The main characteristics of __fastcall calling convention are:

  1. The first two function arguments that require 32 bits or less are placed into registers ECX and EDX. The rest of them are pushed on the stack from right to left.
  2. Arguments are popped from the stack by the called function.

Function Name Decoration For fastcall

Function name is decorated by by prefixing a ‘@’ character and postfixing a ‘@’ and number of bytes of stack space required by the arguments at end of the function name.

@Add@8 //@ added before & after function name and number of bytes space required on stack

Note: Microsoft have reserved the right to change the registers for passing the arguments in future compiler versions.

Here goes an example:

; // put the arguments in the registers EDX and ECX
mov         edx,3
mov         ecx,2
; // call the function
call @Add@8
; // copy the return value from EAX to a local variable (int nResult)
mov DWORD PTR [nResult], eax

The called function is shown below:

; // function prolog
push ebp
mov ebp, esp
push ebx
push esi
push edi
; // return nValue1 + nValue2;
mov eax, DWORD PTR [nValue1]
add eax, DWORD PTR [nValue2]
; // function epilog
pop ebx
pop esi
pop edi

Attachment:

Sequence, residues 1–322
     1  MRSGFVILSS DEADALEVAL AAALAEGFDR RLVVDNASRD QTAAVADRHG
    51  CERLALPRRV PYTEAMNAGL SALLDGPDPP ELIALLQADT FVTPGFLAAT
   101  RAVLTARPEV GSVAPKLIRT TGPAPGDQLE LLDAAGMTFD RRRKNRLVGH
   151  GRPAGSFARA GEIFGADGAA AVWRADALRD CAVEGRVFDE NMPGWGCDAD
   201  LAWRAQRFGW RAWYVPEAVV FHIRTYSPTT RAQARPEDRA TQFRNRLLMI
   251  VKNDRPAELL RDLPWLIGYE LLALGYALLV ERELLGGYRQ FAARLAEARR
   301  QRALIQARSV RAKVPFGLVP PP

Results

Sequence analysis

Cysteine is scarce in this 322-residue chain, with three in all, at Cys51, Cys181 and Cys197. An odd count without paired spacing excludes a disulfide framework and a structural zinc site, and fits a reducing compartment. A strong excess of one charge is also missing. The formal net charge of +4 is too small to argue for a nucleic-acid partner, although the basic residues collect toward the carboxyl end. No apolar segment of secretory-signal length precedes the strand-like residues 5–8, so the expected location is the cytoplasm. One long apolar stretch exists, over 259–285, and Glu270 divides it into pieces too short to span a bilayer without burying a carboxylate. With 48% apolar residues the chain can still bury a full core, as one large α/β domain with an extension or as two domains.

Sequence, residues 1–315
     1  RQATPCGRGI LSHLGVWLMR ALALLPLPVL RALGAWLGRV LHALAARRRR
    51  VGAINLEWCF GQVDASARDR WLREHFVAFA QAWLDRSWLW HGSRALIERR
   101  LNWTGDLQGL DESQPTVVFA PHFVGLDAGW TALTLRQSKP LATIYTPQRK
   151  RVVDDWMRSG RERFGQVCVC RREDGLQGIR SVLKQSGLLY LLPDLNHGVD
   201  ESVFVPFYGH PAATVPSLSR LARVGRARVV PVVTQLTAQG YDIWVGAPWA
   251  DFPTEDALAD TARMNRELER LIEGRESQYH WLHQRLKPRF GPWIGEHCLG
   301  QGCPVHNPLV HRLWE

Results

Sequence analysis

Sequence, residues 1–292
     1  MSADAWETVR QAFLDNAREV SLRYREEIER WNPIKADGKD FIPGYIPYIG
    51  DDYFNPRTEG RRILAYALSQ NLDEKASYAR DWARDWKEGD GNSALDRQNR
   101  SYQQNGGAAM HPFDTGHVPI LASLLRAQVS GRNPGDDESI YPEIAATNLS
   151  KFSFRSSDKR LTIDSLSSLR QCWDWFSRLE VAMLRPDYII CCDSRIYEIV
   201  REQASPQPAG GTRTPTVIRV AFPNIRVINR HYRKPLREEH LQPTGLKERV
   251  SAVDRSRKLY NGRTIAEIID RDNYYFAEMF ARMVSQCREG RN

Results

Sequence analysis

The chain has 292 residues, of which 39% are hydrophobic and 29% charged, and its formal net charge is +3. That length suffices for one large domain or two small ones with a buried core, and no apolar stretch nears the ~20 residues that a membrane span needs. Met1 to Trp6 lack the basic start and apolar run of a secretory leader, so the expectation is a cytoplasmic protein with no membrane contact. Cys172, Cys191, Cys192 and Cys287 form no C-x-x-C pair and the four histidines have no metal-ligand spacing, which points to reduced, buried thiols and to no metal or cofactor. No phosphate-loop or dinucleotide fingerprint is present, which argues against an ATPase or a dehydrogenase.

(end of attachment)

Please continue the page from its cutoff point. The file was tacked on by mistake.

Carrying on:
mov esp, ebp
pop ebp
;//Stack cleanup and return
ret 8

Conclusion

Advantage

Advantage of __fastcall calling convention is that it attempts to put arguments in registers, rather than on the stack, thus making function calls faster.

Disadvantage

Disadvantage of __fastcall calling convention is that functions with variable number of arguments (like printf())  can’t use __fastcall. Instead they must use __cdecl, because it is the only calling convention who knows the number of arguments in each function call; therefore only the caller can perform the stack cleanup.

Final Part: Cont. Calling Convention – Part IV

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Jul 27, 2012

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Calling Convention – Part II (__stdcall)

Calling Convention – Part II (__stdcall)

Make sure you have read “Calling Convention – Part I” of this article.